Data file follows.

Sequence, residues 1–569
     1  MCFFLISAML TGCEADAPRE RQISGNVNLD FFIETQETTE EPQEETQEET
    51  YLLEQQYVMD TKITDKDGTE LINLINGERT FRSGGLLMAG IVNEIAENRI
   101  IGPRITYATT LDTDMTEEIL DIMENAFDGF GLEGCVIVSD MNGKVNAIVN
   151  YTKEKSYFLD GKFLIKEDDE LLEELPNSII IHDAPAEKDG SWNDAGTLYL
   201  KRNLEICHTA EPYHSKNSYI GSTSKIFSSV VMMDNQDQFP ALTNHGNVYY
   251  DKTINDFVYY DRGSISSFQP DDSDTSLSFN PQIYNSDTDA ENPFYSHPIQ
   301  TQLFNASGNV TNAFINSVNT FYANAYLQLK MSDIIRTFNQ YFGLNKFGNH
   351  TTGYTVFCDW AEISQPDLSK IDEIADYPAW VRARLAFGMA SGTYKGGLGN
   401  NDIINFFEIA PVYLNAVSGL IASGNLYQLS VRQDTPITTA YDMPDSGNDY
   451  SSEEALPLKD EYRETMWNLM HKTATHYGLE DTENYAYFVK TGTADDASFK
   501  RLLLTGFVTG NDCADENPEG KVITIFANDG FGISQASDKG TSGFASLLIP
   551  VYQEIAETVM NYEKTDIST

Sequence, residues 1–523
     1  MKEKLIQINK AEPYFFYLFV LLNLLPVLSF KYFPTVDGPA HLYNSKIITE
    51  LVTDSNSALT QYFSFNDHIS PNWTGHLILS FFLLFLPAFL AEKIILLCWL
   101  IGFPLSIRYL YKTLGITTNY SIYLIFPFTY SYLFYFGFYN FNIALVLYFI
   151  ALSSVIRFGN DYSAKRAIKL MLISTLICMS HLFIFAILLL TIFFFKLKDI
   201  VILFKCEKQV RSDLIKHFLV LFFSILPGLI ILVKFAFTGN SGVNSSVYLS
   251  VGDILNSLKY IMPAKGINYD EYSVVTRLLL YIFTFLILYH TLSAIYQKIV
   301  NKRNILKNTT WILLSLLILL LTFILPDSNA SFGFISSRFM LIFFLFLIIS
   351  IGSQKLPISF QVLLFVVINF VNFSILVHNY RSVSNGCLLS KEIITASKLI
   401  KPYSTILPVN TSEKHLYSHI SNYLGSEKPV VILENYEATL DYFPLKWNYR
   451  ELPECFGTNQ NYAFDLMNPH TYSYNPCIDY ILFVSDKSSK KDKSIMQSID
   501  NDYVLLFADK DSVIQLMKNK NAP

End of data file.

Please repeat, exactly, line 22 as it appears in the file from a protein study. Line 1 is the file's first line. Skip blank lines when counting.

   351  IGSQKLPISF QVLLFVVINF VNFSILVHNY RSVSNGCLLS KEIITASKLI